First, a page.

Tractor trailers need to be safer to prevent underride deaths, Gillibrand says

Rochester's Terry Rivet is trapped under a tractor trailer rig during an accident on the thruway last March. Federal legislation targets truck safety devices that don't always work as they should.

Syracuse, N.Y./Washington, D.C. (WHAM) - In March, Terry Rivet was traveling the Thruway near Syracuse when two tractor trailers spun out and jackknifed on black ice just 600 feet in front of his car.

"Simultaneously they hit their brakes," Rivet said. " Someone in front of them had spun out and both went into a fishtail and skids."

Terry's white Buick slid partially under one of the trailer beds; the driver's side of his vehicle crushed in around him.

"We hit the back corner of the truck. The airbags deployed and the hood of the car crumpled back on me," Rivet said. He was trapped in the vehicle for 1 1/2 hours until first responders could cut him free.

Underride crashes - collisions in which a car or SUV slides under a tractor trailer - kill 350 people each year, according to the Insurance Institute of Highway Safety. New information suggests devices to prevent these fatal crashes don't work as they should.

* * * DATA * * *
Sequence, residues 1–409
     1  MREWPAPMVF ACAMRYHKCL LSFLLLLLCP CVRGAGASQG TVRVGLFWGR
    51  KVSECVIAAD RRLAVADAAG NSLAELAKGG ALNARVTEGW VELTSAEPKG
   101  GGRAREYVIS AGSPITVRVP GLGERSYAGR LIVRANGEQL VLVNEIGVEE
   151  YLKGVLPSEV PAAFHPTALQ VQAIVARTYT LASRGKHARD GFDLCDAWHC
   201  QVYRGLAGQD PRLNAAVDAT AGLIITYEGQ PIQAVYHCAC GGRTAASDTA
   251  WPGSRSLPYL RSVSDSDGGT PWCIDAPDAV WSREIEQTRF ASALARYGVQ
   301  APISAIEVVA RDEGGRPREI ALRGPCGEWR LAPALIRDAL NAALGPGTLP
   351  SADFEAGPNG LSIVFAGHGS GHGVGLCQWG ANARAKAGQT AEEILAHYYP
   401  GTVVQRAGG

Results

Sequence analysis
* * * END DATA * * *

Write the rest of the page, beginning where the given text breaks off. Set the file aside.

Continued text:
"The guard breaks or bends and away allowing a vehicle to slide under it," said Adrian Lund ,President of the Insurance Institute for Highway Safety (IIHS). "Our crash standards are not as strong as they could or should be."

IIHS conducts crash tests which show what happens when cars are traveling at relatively slow speeds: 35 miles per hour. The rear guards fail more often than not.

"People have died going only 30 to 35 miles per hour," said Senator Kirsten Gillibrand (D-NY.) "It's worrisome because it's not about speed; it's about the force when any car hits it at any speed."

Senator Gillibrand has introduced legislation to strengthen standards for rear guards and add them to the front and sides of vehicles. The American Trucking Association supports upgrades to rear guards, but says no one has evaluated whether side guards would be equally effective. The organization says the federal government needs to do more testing before requiring the expensive devices to make sure they will work as intended.

Rivet estimates he was traveling 45 to 50 miles per hour when he struck the back of the trailer rig. Yet it appeared to do its job. Perhaps in part because it was designed by the Stoughton Trailers company in Wisconsin to perform higher than federal standards require.

"If it was less than that bumper or if it didn't have a bumper at all, it would have pushed the entire car back on top of me and I'm sure it would have killed me," Rivet said.

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